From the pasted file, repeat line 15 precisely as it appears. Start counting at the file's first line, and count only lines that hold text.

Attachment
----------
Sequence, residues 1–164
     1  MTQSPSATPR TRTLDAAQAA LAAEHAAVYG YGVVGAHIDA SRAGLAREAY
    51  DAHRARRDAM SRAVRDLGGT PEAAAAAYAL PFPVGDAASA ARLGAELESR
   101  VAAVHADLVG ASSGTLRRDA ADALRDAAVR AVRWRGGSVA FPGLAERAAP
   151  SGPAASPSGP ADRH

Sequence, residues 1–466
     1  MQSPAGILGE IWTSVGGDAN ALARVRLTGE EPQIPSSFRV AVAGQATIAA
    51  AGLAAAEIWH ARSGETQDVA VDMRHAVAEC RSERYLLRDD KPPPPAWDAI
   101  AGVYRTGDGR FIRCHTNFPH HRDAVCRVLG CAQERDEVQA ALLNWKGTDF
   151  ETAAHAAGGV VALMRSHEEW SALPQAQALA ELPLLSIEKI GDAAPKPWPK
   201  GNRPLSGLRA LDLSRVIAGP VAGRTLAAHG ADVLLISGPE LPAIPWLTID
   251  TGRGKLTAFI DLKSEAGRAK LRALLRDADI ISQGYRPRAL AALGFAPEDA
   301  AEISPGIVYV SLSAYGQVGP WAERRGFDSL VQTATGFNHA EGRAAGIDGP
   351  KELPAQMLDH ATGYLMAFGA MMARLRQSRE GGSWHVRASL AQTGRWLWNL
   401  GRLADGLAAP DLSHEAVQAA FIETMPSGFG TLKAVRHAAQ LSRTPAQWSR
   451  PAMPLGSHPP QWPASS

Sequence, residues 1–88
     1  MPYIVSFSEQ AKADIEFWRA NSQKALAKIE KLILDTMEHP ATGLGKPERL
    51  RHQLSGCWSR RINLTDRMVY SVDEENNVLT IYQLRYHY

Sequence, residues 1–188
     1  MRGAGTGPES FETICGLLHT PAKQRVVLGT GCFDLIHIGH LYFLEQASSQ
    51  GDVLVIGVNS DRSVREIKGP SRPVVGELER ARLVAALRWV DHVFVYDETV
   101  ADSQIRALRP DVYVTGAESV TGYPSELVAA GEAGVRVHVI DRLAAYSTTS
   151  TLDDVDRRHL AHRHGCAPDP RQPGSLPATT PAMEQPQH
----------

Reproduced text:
   401  GRLADGLAAP DLSHEAVQAA FIETMPSGFG TLKAVRHAAQ LSRTPAQWSR